11.
Ann Intern Med ; 173(4): 268-277, 2020 08 18.
Article in English | MEDLINE | ID: covidwho-782419

ABSTRACT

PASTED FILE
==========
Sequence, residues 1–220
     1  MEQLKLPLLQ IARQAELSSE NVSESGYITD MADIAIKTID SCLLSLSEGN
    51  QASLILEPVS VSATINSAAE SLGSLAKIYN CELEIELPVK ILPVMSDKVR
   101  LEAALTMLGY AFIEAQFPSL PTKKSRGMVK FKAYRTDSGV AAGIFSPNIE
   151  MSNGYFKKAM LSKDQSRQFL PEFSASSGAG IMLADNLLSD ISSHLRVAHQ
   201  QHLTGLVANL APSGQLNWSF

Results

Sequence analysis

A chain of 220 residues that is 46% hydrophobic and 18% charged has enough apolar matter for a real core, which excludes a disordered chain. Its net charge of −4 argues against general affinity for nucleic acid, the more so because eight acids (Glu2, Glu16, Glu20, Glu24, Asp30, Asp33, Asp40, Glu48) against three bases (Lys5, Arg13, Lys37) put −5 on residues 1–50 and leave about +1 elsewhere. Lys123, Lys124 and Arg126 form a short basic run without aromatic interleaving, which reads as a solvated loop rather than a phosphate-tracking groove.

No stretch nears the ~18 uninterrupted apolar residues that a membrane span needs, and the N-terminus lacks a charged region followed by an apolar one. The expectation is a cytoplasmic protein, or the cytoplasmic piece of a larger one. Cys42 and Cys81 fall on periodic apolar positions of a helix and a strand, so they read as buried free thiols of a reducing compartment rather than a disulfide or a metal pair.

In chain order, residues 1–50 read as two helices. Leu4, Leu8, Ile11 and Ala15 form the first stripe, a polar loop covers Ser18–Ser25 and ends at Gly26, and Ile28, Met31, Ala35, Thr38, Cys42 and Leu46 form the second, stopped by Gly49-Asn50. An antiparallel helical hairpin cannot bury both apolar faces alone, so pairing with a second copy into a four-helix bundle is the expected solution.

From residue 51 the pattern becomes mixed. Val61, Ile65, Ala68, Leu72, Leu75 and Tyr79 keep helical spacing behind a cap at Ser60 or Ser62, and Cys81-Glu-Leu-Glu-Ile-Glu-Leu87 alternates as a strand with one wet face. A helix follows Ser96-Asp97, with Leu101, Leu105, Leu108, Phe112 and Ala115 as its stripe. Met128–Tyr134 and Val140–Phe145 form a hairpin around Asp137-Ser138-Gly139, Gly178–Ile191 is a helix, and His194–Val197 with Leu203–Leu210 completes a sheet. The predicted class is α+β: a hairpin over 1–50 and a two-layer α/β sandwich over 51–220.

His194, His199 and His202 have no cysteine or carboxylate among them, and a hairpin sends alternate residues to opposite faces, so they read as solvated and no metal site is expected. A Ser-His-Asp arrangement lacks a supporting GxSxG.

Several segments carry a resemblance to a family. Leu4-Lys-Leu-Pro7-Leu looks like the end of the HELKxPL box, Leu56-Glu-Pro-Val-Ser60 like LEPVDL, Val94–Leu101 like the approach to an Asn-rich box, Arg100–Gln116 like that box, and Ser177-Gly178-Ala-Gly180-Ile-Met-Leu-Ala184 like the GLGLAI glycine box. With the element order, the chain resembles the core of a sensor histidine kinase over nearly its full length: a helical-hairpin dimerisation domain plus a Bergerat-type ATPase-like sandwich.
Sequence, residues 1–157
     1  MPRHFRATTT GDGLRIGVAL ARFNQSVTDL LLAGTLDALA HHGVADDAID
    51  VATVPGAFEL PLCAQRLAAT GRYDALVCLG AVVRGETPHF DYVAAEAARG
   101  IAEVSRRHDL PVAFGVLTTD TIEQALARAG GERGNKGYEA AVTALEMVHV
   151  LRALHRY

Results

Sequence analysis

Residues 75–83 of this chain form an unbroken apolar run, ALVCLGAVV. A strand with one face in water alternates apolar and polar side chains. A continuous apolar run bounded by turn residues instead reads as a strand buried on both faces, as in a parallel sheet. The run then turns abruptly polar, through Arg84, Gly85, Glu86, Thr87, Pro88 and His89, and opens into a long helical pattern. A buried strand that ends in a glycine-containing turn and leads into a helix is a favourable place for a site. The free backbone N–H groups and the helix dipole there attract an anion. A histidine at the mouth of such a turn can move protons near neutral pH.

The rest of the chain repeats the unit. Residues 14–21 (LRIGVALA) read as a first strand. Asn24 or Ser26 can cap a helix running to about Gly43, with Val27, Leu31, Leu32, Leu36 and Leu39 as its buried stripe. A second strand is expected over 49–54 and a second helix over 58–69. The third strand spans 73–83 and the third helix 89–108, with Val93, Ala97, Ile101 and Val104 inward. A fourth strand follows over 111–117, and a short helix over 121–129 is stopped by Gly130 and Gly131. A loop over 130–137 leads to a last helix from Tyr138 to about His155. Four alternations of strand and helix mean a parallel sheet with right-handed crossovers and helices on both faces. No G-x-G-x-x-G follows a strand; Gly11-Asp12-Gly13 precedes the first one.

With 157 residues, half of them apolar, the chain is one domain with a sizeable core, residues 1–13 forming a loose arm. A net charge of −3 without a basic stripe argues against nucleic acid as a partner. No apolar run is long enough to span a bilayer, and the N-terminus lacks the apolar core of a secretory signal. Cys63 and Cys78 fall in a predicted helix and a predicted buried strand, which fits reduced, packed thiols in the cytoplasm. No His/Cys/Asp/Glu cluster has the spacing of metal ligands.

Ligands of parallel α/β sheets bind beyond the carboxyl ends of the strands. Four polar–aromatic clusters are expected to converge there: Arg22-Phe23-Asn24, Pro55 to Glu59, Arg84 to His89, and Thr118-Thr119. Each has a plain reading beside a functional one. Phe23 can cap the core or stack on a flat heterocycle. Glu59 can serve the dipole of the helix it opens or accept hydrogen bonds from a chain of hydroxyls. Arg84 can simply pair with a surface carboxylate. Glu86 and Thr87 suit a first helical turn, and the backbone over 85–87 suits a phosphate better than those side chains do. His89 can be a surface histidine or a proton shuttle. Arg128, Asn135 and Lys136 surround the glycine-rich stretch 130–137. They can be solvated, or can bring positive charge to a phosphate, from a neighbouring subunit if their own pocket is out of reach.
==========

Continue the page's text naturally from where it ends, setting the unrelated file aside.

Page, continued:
BACKGROUND: The new coronavirus, severe acute respiratory syndrome coronavirus 2 (SARS-CoV-2), has caused more than 210 000 deaths worldwide. However, little is known about the causes of death and the virus's pathologic features. OBJECTIVE: To validate and compare clinical findings with data from medical autopsy, virtual autopsy, and virologic tests. DESIGN: Prospective cohort study. SETTING: Autopsies performed at a single academic medical center, as mandated by the German federal state of Hamburg for patients dying with a polymerase chain reaction-confirmed diagnosis of COVID-19. PATIENTS: The first 12 consecutive COVID-19-positive deaths. MEASUREMENTS: Complete autopsy, including postmortem computed tomography and histopathologic and virologic analysis, was performed. Clinical data and medical course were evaluated. RESULTS: Median patient age was 73 years (range, 52 to 87 years), 75% of patients were male, and death occurred in the hospital (n = 10) or outpatient sector (n = 2). Coronary heart disease and asthma or chronic obstructive pulmonary disease were the most common comorbid conditions (50% and 25%, respectively). Autopsy revealed deep venous thrombosis in 7 of 12 patients (58%) in whom venous thromboembolism was not suspected before death; pulmonary embolism was the direct cause of death in 4 patients. Postmortem computed tomography revealed reticular infiltration of the lungs with severe bilateral, dense consolidation, whereas histomorphologically diffuse alveolar damage was seen in 8 patients. In all patients, SARS-CoV-2 RNA was detected in the lung at high concentrations; viremia in 6 of 10 and 5 of 12 patients demonstrated high viral RNA titers in the liver, kidney, or heart. LIMITATION: Limited sample size. CONCLUSION: The high incidence of thromboembolic events suggests an important role of COVID-19-induced coagulopathy. Further studies are needed to investigate the molecular mechanism and overall clinical incidence of COVID-19-related death, as well as possible therapeutic interventions to reduce it. PRIMARY FUNDING SOURCE: University Medical Center Hamburg-Eppendorf.